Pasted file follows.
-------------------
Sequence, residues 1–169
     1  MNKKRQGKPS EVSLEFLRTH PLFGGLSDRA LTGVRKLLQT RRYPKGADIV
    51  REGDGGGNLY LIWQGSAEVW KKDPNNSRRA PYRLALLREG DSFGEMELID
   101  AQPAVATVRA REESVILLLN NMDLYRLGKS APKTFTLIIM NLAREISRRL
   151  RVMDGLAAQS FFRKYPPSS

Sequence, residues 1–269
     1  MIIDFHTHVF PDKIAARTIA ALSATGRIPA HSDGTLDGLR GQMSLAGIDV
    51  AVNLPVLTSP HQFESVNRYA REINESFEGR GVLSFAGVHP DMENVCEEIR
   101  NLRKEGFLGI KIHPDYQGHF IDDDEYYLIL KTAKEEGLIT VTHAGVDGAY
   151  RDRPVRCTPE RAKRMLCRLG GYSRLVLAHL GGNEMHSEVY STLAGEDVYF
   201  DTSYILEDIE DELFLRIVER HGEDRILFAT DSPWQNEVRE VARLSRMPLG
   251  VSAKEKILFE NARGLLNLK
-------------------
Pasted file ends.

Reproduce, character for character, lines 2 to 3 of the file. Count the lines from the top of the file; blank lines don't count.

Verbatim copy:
     1  MNKKRQGKPS EVSLEFLRTH PLFGGLSDRA LTGVRKLLQT RRYPKGADIV
    51  REGDGGGNLY LIWQGSAEVW KKDPNNSRRA PYRLALLREG DSFGEMELID